I would like to say that book reviews are more important than a person may think. It could be the Lifeline (yes pun intended) of the longevity of the books and the author’s visibility in the vast Bookverse.
Reviews can definitely be considered a form of literary criticism, and every single word written is valuable to the author. The written opinions about a particular book(s), in this case for me it’s my journey series LIFELINES & BLOODLINES, help me to get better every time I sit down and want to write a story. Obviously a good review makes me feel on top of the world too.
For those people who usually are hesitant to write reviews because though they enjoyed the book, they don’t know how or what to write, I would like to tell them not to worry because book reviews can be brief or long. Just a few words are as valuable as a long paragraph. They can critique and/or summarize the book and they can be written by readers as well as professional book reviewers. In my opinion, I believe that reader reviews tend to be more personal, focusing on the individual reader’s experience while reading the book. But since my readers can have such widely differing views of the same book, it is valuable for all involved when a book has a variety of reader reviews available.
I would therefore like to ask you to enrich the reading experience of my books by leaving a short (or even a long one, I won’t complain heh heh!) at Amazon or Ausxip Publishing (links given below).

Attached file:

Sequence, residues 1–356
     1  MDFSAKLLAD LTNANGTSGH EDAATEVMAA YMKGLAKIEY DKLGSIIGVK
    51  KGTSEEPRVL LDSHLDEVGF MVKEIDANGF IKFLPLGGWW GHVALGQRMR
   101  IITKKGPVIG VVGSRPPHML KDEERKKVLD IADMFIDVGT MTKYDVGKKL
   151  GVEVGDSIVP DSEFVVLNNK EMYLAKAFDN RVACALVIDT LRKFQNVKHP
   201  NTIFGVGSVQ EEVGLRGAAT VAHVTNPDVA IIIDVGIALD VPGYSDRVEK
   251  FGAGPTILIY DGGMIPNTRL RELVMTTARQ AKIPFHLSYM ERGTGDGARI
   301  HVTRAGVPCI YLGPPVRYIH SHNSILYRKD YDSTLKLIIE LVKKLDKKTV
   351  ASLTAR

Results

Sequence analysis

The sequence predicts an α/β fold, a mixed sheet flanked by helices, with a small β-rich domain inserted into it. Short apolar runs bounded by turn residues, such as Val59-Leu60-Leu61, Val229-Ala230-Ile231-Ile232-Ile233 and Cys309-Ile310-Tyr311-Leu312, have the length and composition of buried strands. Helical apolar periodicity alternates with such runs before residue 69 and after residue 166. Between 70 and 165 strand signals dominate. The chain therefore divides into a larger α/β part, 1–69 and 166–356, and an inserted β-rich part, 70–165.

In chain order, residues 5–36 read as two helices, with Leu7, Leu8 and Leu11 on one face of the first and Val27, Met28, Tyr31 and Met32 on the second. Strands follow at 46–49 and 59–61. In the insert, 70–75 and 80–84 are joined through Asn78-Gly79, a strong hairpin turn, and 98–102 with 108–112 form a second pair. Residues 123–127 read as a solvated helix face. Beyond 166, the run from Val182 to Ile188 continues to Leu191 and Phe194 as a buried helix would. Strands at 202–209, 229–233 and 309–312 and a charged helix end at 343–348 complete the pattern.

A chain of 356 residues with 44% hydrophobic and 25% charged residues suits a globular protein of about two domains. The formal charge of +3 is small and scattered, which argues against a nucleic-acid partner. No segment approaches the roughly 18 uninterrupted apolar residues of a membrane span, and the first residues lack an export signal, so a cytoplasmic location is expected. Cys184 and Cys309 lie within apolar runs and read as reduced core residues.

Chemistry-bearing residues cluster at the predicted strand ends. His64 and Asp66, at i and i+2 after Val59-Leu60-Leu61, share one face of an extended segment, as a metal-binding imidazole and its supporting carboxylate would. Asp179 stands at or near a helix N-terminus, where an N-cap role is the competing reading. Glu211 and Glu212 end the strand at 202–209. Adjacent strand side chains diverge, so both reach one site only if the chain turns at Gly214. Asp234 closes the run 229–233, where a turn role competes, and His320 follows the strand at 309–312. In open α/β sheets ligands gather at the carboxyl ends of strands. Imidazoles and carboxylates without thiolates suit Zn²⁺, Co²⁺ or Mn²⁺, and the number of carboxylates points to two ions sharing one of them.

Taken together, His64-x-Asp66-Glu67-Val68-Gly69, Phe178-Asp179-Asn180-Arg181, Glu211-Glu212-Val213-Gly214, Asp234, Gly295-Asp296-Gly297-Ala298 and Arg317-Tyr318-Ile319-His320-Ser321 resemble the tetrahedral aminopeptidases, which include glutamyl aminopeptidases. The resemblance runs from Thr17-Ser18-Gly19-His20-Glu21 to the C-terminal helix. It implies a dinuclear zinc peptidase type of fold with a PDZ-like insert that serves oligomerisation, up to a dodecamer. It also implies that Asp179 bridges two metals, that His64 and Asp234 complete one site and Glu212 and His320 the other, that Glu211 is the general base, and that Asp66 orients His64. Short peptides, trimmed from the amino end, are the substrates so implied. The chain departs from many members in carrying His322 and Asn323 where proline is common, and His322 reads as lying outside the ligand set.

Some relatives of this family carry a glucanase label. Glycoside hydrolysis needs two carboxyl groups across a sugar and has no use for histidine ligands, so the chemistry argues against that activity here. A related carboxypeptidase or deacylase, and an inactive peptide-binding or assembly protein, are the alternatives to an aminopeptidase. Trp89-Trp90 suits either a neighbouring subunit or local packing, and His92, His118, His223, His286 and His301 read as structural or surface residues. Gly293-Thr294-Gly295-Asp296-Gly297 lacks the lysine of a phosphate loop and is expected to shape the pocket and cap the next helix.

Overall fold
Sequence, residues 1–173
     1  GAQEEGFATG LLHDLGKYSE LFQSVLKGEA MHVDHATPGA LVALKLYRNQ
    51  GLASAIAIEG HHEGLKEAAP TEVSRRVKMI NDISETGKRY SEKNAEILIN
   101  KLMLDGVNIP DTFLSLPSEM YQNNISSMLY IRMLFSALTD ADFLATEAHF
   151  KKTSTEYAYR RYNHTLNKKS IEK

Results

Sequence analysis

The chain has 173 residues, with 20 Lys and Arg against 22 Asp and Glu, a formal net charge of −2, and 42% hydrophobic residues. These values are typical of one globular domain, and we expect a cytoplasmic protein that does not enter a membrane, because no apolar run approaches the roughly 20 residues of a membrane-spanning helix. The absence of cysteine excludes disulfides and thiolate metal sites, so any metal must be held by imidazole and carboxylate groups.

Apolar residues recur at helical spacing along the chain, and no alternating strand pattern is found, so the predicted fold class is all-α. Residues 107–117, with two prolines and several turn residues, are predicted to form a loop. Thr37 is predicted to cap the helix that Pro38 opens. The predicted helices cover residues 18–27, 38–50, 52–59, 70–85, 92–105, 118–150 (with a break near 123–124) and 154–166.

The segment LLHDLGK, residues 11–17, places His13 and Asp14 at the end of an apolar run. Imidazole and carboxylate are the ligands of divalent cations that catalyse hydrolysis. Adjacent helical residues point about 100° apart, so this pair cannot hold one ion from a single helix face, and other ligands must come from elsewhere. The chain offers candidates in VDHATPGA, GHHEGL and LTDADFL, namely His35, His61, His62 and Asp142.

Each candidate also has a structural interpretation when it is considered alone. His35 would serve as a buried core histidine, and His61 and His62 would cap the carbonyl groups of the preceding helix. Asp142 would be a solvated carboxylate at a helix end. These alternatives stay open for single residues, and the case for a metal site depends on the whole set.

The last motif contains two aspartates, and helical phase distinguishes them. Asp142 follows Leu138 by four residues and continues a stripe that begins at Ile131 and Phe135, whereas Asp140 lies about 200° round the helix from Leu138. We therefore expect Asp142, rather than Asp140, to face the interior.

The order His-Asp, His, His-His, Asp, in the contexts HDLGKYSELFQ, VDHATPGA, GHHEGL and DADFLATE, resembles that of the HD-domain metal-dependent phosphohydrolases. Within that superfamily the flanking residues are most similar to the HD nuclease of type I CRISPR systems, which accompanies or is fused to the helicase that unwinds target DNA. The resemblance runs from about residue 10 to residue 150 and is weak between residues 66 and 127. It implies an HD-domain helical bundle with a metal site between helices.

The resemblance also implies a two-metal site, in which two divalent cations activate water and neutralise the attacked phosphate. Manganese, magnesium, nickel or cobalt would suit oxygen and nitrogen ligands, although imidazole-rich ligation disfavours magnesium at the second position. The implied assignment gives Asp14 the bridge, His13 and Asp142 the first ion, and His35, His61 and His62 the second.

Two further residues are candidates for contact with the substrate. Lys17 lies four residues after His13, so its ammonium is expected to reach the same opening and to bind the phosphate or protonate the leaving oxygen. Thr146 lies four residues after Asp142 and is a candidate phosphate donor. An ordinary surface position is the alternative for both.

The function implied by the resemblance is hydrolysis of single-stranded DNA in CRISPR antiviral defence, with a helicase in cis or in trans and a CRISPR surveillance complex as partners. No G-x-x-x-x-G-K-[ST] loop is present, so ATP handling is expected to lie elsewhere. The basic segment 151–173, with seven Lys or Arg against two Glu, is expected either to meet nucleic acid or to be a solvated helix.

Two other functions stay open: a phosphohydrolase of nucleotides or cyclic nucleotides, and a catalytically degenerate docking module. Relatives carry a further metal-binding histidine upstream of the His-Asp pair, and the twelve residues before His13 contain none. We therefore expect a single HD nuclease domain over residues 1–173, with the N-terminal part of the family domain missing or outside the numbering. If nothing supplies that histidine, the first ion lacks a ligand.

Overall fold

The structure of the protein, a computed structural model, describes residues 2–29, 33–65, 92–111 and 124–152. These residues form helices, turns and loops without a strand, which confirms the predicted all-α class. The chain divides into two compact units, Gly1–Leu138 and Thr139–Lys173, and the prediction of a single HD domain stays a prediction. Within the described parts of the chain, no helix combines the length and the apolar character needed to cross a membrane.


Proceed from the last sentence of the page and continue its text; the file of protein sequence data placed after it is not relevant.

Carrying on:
Thanks in advance. I genuinely look forward to all of your opinions!
“In a land saturated with millennia of history and the burden of very conservative social and religious views, two young women seek to pursue careers in areas that are not common at that time for those of their gender. One is committed to becoming a physician and is one of the first in her country to attend a new all-female medical college. The other believes in the role that the law plays in protecting the lives and welfare of others. These two extraordinary women find each other in the heat and desert air of the Indus Valley, and as each strives to achieve within their chosen professions, they come to find that their dedication to the welfare of others has led them to discovering a loving, supportive relationship in a society that is not supportive of either of their careers or of the love they have found.
Dr. Sarah and Inspector Tanya are drawn together by the medical challenges that Sarah faces and the legal demands that Tanya must fulfill. As they face a series of sometimes painful and even tragic situations together, their relationship grows until they realize that for them to meet the needs of their own hearts, they must find a new way.